Microsoft Surface Could Reshape Mobile--If It Works
The Microsoft Surface tablet drew some interesting commentary from an unexpected source: Google executive chairman Eric Schmidt. Surface, according to Schmidt, could have dramatic implications for the mobile marketplace. But only if it works as well as Microsoft is hoping it will.
As Schmidt's remarks suggest, Microsoft is not the only player with a lot riding on its upcoming hybrid tablet device. Its mobility competitors, Apple and Google itself, will face a more complicated ecosystem if Surface takes off.
Another party with big stakes in Microsoft's hybrid tablet is the IT community at midsize firms. Surface promises to take Windows out on the road, revitalizing an operating system that business is familiar with. And, more broadly, Microsoft Surface is making a bid to bring enterprise-strength capabilities to the consumer-centric mobility world. This could be a very big deal.
As Shara Tibken reports at CNET, Google's Schmidt made his remarks on Surface during a wide-ranging interview in New York. Currently, said Schmidt, Microsoft does not rate as one of the Big Four firms--Google, Apple, Amazon, and Facebook--that are dominating the consumer landscape.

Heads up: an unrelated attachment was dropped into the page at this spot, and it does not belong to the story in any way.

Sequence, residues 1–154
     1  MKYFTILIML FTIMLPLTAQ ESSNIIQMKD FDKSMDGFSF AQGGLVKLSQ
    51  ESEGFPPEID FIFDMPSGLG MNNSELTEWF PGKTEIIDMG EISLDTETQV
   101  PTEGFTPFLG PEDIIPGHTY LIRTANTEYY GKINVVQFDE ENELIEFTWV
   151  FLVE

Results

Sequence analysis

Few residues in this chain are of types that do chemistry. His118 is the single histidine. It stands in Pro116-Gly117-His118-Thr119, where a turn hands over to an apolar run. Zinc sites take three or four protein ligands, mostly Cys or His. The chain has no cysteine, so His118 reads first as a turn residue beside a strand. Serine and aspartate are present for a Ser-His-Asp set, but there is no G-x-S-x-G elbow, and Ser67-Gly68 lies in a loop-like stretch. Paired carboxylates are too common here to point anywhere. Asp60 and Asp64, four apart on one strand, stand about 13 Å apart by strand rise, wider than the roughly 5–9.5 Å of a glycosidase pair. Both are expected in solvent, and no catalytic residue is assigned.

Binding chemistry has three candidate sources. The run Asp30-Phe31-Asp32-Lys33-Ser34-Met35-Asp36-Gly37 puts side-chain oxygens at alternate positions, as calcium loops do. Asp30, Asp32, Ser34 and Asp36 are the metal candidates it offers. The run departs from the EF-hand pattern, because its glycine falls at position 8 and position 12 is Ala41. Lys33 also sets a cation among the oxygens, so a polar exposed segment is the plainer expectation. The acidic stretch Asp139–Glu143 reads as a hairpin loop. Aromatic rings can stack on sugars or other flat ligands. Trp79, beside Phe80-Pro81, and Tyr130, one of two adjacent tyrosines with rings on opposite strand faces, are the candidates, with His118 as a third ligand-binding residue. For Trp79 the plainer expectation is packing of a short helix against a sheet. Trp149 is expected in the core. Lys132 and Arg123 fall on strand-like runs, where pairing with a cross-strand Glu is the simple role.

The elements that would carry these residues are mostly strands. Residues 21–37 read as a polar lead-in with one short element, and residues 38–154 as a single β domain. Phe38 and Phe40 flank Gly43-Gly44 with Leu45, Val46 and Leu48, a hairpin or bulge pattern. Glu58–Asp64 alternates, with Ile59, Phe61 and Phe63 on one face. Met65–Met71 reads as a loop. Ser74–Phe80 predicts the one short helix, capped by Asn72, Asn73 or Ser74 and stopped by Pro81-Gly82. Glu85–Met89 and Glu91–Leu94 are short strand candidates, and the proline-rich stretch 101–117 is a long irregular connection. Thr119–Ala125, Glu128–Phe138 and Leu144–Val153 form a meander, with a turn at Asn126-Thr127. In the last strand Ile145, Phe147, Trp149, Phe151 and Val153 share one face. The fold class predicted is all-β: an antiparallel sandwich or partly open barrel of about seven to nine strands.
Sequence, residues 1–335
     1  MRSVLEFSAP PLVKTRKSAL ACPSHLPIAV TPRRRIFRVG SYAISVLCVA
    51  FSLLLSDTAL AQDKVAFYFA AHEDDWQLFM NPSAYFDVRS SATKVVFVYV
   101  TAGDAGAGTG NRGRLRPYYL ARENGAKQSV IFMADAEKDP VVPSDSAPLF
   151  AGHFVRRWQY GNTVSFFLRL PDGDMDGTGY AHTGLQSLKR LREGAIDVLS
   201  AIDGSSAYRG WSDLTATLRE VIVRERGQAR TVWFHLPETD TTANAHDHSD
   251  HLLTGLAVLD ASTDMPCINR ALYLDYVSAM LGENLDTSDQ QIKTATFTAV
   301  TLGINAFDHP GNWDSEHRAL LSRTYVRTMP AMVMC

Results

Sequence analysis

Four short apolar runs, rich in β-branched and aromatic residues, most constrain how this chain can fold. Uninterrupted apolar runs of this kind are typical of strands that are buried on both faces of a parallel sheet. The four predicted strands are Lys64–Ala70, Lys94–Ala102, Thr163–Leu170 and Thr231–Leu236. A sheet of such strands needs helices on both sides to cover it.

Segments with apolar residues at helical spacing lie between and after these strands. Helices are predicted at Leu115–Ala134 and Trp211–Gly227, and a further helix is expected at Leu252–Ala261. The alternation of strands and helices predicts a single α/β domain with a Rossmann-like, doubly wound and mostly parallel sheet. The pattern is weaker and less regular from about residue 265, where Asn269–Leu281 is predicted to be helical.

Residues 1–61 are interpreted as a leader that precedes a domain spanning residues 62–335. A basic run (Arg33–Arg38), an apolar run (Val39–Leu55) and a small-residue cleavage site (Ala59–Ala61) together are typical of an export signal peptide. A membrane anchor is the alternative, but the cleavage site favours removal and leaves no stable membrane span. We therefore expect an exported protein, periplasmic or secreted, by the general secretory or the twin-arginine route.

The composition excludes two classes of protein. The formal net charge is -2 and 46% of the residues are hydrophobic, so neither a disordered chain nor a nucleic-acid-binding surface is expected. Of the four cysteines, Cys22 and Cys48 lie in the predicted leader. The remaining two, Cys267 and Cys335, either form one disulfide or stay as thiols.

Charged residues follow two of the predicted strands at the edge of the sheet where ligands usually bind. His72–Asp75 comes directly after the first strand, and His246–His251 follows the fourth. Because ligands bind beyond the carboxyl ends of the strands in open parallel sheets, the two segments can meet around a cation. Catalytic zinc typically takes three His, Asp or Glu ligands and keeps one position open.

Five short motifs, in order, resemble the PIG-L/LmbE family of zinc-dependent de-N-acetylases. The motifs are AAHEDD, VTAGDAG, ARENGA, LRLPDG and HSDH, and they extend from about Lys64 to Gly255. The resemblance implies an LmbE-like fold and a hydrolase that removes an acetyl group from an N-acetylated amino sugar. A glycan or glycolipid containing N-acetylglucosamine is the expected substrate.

But all of that might change if Surface lives up to its expectations. "Let's see what this new set of products does," said Schmidt, adding that some "smart, well-run companies" have failed to offer appealing, state-of-the-art devices. He went on to say that Microsoft created a "structural monopoly" thanks to Windows for PCs. But--not surprisingly--Schmidt questioned whether this model was appropriate in the mobility era.
The IT-ification of Consumer Mobility?
In response, Microsoft might say that its focus with Windows has never really been on consumers, but rather on business. In the PC era, consumers just sort of came along for the ride. The mobility era started off the same way; the BlackBerry was a business device. But thanks largely to Apple's iPhone and iPad, mobility has become far more consumer-centric.
With Surface, however, Microsoft is offering what amounts to the anti-iPad. (Apple, notably, has sneered at the whole concept of hybrid tablets with laptop-like features.) If Surface lives up to its promise, it will offer a tablet that is not just for "consuming media," but is capable of handling serious work tasks.
We have all heard a lot about the consumerization of IT. The widening gulf between consumer mobile devices and workplace needs, however, casts the idea in a practical device. For how many workplace tasks is an iPad really an optimal device?
Surface is, in an important sense, Microsoft's bid to bring enterprise-strength functionality to the mobility world. For that reason, IT managers at midsize firms, along with the rest of the IT community, have a big stake in its success or failure.
This post was written as part of the IBM for Midsize Business program, which provides midsize businesses with the tools, expertise and solutions they need to become engines of a smarter planet. Like us on Facebook. Follow us on Twitter.